Missouri Judge Dismisses Lawsuit Seeking to Block Cannabis Legalization Question from Ballots

A Missouri judge dismissed a lawsuit that sought to block a cannabis legalization question from appearing on the state’s November ballots.

Full story after the jump.

A Cole County, Missouri Circuit Court Judge last week dismissed a lawsuit that sought to prevent the adult-use legalization question from appearing on November ballots, the Missouri Independent reports. In the ruling, Judge Cotton Walker determined that Joy Sweeney, an anti-drug legalization activist who filed the lawsuit, lacked standing to sue because she hadn’t proven she was a Missouri citizen. 

Walker also said that were he to rule on the merits of the case, he would have ruled against Sweeney and sided with Secretary of State Jay Ashcroft and Legal Missouri, the campaign backing the initiative petition. In the ruling, Walker said the petition was lawful in that it contained only a single subject, had enough valid signatures, and was “legally authorized” by Ashcroft’s office. 

“Foremost, we did the right thing in certifying this measure to the ballot within the bounds of the constitution and the laws passed by the general assembly. We followed the law – we did everything right.” — Ashcroft, in a statement, via the Independent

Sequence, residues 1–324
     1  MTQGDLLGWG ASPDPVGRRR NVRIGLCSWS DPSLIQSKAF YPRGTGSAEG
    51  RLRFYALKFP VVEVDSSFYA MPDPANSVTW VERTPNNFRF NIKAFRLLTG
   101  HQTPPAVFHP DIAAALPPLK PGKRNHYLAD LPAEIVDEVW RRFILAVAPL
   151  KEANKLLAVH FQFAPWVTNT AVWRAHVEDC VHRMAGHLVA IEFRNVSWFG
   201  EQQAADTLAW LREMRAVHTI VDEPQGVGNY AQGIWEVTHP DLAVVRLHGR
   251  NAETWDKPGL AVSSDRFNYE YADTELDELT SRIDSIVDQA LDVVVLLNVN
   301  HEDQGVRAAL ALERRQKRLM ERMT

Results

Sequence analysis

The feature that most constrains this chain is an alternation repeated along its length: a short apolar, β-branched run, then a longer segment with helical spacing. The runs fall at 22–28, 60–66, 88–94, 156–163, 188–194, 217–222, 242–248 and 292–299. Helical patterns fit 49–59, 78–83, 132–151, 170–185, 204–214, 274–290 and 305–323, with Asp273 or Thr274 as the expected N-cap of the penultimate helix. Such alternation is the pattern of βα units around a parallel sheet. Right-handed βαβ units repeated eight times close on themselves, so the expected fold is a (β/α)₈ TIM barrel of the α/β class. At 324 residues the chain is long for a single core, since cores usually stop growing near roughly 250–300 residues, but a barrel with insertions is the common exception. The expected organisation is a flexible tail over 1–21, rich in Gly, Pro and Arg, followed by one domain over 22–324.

In a statement, John Payne, Legal Missouri’s campaign manager, called the ruling “another step towards the historic passage of this citizen-led initiative to regulate, tax and legalize marijuana in Missouri.” 

“We are thrilled that Missourians will have the opportunity to pass Amendment 3 in November,” Payne said, “which will allow law enforcement to better focus on violent crime, while bringing millions in new revenue to Missouri.” 

Following the ruling, Luke Niforatos, the CEO of Protect Our Kids PAC, a Colorado-based super PAC launched earlier this year that opposes cannabis legalization and is supporting Sweeney’s lawsuit, said the group was “extremely disappointed that they dismissed this based on a technicality that was not true.” 

Sweeney attended the hearing, virtually, from Virginia. 

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